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THE HONOURABLE  ARTILLERY COMPANY





































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UNIFORMS, ARMS & EQUIPMENT - ROYAL ARTILLERY
NOTE: THIS STUDY DOES NOT INCLUDE UNIFORMS OF THE INFANTRY ELEMENT OF THE H.A.C.
On August 25th 1537 King Henry VIII OF England placed his seal on a charter establishing in perpetuity “The Guilde of St. George of London”, a Fraternity of gentleman archers who trained with “longbowes, crossbowes and handgonnes”. In those days, “Artillery” described any projectile, be it arrow or shot. It was referred to as “The Artillery Company” in 1658 and gained the title “Honourable” in 1685. It is the oldest military institution in the United Kingdom and one of the oldest in the world. In 1638, Sir Maurice Abbot granted the company use of Bunhill Fields Burial Ground consisting of twelve acres on City Road, (known today As Armoury House and Gardens in Finsbury). In Elizabethan times, with the threat of the Armada looming, the company provided officers for the Trained Bands of London and members of the company fought on both sides during the Civil War. In 1780, the Company assisted the city in quelling the “Gordon” anti-papal riots in London. In the same year, an artillery Division was formed and at the same time, the City presented the Company with a pair of 3 pounder brass cannons. 

From 1799, the company consisted of an Artillery and an Infantry component. The Artillery in blue coats and the infantry in scarlet. In 1804 both divisions wore the Tarleton style helmet with plume. From this point the company strived to wear uniforms which conformed to the regular army. In 1830, King William IV decreed that the Infantry division of the H.A.C. should wear the uniform of the Grenadier Guards in every respect save that the lace should be silver instead of gold. (Bearskins were not adopted until 1855). The Artillery Division retained its blue uniforms with gold lace*. 

The 1860s were quite consequential for the Company: In 1860 the company was transferred from the jurisdiction of the Home office to that of the Secretary of State for War. That same year a troop of Horse Artillery was formed, known as Jay’s Troop. (which was disbanded in 1869). It had worn uniforms similar to that of the R.H.A. During this period, the Light Cavalry troop was formed. The troop wore the contemporary yeomanry Hussar uniform in blue with scarlet busby bag and facings with white frogging on the tunic and double white stripes on the breeches. Officers wore silver lace. In 1861, the Prince Consort died. He had been Captain-General since 1843. On the day of his funeral, the Artllery division fired 43 guns at the grounds and the Company decided that the Drill Hall should be renamed “The Albert Room”. Queen Victoria quickly signified that she would like to appoint the Prince of Wales as Captain-General and Colonel of the Company; a request that was approved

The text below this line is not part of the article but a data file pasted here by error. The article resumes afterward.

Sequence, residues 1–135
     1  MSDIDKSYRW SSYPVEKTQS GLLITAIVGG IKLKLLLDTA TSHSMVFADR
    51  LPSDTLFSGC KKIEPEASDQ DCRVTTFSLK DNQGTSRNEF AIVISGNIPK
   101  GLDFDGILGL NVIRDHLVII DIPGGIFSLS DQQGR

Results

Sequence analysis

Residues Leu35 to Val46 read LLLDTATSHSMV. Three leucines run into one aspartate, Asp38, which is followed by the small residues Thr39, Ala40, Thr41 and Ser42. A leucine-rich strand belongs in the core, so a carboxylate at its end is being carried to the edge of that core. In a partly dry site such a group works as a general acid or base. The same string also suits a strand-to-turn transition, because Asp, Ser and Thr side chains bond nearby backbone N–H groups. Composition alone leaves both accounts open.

In the early 1880s, the Company’s fortunes fell alarmingly. Lord Wantage, who commanded the Company at the time, reported to the War Office that The Company was not up to the military standards required. In addition, it appeared that irregularities involving payments to certain NCOs on the side, prompted serious disciplinary action to be taken. Another, more disturbing turn of events came in 1888 when a decision by the Company’s Court involving payments to the Commanding Officer was voted down. The Duke of Portland (Lord Wantage’s successor), now reported to the Secretary of War that there was a serious disciplinary issue within the Company. The War Office issued an order that all the Company’s arms should be withdrawn. Subsequently all the small arms and ammunition were removed and the Guns sent to Woolwich.

In 1887, the ancient issue of precedence came to the fore. At a review, the Royal Naval Artillery Volunteers (See Plate 24) claimed precedence over the HAC based on their attachment to the Royal Navy. Queen Victoria had previously affirmed that the HAC took precedence immediately after the Regular Army and before the Militia and Yeomanry, which settled the matter.